Knife crime in Bedfordshire skyrockets by 57% - the biggest rise in the country

Knife crime in Bedfordshire skyrocketed by 57% in just 12 months and was the biggest rise for any force in the country, according to newly published statistics.

Monday, 21st October 2019, 4:34 pm

The Freedom of Information figures were obtained by Sky News for its report, which recorded the number of offences from July 2017 to June 2018 and July 2018 to June 2019.

According to the data, the five police forces with the biggest increases in knife crime were as follows:

Bedfordshire - 438 (2017-2018), 688 (2018-2019), up 57%

Knife crime

Suffolk - 158 (2017-2018), 230 (2018-2019), up 46%

Dyfed-Powys - 174 (2017-2018), 253 (2018-2019), up 45%

City of London - 40 (2017-2018), 57 (2018-2019), up 43%

North Yorkshire - 224 (2017-2018), 315 (2018-2019), up 41%

Assistant Chief Constable of Beds Police, Jackie Sebire said: “We have worked very hard to improve our recording and data since the introduction of a new computer system in May 2018, which does account for part of this increase.

“However, there is no doubt that in Bedfordshire we have experienced a significant rise in knife crime and other serious violence, as have other forces across the country.

“One victim of knife crime is one too many and stopping this sort of serious violence, particularly where it involves young people, is one of the force’s top priorities.

“Last month alone we ran weapons sweeps and test purchase operations in shops as part of a national week of action to tackle knife crime; gave around £35,000 to community projects to divert young people away from criminality, and also secured a prison sentence of 11 years over a gang-related stabbing.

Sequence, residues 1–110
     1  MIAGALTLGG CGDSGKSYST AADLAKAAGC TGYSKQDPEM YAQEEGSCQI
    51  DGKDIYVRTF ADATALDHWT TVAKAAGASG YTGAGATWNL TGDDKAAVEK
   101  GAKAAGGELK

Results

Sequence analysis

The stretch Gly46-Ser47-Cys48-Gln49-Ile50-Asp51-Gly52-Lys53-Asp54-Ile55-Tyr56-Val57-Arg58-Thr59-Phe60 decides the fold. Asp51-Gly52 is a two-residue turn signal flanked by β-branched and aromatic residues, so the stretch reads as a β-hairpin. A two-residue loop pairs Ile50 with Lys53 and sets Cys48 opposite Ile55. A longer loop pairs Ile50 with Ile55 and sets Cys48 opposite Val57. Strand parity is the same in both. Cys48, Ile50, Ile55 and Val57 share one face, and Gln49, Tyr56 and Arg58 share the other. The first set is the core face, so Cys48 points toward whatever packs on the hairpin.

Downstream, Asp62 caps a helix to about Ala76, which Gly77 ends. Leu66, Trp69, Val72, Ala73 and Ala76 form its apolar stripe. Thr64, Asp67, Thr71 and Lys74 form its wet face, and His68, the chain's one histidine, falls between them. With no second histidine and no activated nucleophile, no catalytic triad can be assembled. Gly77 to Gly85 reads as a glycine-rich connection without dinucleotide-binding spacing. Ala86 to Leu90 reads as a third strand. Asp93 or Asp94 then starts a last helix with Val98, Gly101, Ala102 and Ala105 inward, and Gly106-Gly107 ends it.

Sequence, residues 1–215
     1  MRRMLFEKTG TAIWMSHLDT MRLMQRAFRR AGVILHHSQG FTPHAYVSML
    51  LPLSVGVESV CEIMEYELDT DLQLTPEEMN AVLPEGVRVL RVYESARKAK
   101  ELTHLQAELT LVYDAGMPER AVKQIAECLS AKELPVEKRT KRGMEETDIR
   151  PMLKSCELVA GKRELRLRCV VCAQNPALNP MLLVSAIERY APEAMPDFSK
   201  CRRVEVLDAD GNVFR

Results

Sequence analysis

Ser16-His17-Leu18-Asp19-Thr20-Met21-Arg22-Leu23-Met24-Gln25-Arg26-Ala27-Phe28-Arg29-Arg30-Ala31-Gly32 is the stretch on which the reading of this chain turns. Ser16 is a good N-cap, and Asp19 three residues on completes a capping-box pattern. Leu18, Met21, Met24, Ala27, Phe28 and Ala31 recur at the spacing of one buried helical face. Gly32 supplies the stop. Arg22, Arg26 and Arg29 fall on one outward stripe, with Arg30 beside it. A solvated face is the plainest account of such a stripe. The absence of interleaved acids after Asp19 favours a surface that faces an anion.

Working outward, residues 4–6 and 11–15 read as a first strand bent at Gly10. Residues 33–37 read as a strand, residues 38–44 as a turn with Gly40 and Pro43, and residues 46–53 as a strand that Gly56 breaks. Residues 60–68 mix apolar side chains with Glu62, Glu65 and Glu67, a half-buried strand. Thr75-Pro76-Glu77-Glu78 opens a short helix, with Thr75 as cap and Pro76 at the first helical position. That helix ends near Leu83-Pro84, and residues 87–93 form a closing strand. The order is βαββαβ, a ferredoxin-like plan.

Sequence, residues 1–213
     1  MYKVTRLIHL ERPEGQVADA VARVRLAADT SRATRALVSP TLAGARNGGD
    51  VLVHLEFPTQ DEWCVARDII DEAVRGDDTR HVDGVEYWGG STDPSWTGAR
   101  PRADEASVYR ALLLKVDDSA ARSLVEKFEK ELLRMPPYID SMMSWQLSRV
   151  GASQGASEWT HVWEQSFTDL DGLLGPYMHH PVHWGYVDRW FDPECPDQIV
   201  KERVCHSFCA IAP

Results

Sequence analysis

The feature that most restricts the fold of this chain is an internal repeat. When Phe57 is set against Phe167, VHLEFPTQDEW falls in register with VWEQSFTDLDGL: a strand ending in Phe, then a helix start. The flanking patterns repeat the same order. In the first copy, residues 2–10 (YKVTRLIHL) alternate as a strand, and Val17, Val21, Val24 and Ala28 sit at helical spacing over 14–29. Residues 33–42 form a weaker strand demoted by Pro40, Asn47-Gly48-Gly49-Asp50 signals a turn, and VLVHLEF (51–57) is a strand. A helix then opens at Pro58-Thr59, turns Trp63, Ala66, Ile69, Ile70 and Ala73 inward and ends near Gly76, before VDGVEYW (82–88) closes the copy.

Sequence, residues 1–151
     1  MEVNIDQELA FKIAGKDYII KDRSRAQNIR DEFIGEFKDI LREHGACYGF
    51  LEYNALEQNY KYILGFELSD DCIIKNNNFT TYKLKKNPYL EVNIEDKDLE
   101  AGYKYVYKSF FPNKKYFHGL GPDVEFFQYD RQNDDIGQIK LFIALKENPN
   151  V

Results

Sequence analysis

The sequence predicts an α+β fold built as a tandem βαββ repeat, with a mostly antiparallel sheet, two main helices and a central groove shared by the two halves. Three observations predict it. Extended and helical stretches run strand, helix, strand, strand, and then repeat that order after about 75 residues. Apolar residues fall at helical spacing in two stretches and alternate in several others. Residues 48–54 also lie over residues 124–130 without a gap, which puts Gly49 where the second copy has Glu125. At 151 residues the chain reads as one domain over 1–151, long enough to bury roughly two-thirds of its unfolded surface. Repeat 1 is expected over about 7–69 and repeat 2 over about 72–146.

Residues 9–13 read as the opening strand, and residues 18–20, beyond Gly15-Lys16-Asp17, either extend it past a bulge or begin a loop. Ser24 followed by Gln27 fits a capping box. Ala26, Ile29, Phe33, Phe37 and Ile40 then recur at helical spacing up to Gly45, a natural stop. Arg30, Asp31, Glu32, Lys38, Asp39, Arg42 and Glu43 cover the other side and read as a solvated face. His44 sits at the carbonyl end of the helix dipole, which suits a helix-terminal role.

“We have lobbied hard alongside our Police and Crime Commissioner, Kathryn Holloway, to get additional funding to combat this scourge and have received two grants from the Home Office worth more than £6 million to tackle gangs and serious violence.

“We are using these grants to try and identify hotspots for this type of crime more effectively, while in August we seized more knives than in any month this year, in part because of patrols, searches and arrests made possible by this funding.

“I expect to see these grants making even more of an impact in the coming months.

“It is no secret that Bedfordshire Police faces major challenges from organised crime, and we will continue to argue that we need more resources to take enforcement action against what is often the driver of serious violence.

“But it is absolutely imperative that we adopt a partnership approach with communities to proactively tackle the root causes of this issue, such as fear of crime, poverty and a lack of opportunity.

“That is why our pioneering new Violence and Exploitation Reduction Unit (VERU) is so important. The VERU will do things like fund new and exciting grassroots initiatives to prevent violence, do outreach work with those at risk of joining gangs, and develop a long term structure for how different agencies can work together to stop young people being exploited.

“Getting different statutory agencies, charities and communities around the table to provide a holistic solution to this is absolutely vital. I believe it is through the VERU that we will be able to achieve the real and lasting generational shift that is so important to truly address this problem.”